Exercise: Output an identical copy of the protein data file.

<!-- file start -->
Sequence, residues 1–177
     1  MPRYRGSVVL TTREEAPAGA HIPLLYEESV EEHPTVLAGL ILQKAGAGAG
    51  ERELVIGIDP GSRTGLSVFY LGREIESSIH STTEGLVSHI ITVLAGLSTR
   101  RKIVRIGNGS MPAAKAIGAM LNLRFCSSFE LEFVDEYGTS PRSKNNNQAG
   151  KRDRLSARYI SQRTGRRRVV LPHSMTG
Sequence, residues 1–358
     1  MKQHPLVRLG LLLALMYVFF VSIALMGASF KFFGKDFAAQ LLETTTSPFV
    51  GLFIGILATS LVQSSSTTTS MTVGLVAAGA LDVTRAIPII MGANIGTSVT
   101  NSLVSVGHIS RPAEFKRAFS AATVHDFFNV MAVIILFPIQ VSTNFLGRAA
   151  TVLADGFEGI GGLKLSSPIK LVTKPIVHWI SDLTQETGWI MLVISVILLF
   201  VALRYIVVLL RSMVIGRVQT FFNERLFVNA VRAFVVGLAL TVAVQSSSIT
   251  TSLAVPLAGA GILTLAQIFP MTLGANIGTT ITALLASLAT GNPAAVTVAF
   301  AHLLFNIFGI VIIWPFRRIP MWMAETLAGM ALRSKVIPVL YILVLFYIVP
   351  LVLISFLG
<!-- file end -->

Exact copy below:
Sequence, residues 1–177
     1  MPRYRGSVVL TTREEAPAGA HIPLLYEESV EEHPTVLAGL ILQKAGAGAG
    51  ERELVIGIDP GSRTGLSVFY LGREIESSIH STTEGLVSHI ITVLAGLSTR
   101  RKIVRIGNGS MPAAKAIGAM LNLRFCSSFE LEFVDEYGTS PRSKNNNQAG
   151  KRDRLSARYI SQRTGRRRVV LPHSMTG
Sequence, residues 1–358
     1  MKQHPLVRLG LLLALMYVFF VSIALMGASF KFFGKDFAAQ LLETTTSPFV
    51  GLFIGILATS LVQSSSTTTS MTVGLVAAGA LDVTRAIPII MGANIGTSVT
   101  NSLVSVGHIS RPAEFKRAFS AATVHDFFNV MAVIILFPIQ VSTNFLGRAA
   151  TVLADGFEGI GGLKLSSPIK LVTKPIVHWI SDLTQETGWI MLVISVILLF
   201  VALRYIVVLL RSMVIGRVQT FFNERLFVNA VRAFVVGLAL TVAVQSSSIT
   251  TSLAVPLAGA GILTLAQIFP MTLGANIGTT ITALLASLAT GNPAAVTVAF
   301  AHLLFNIFGI VIIWPFRRIP MWMAETLAGM ALRSKVIPVL YILVLFYIVP
   351  LVLISFLG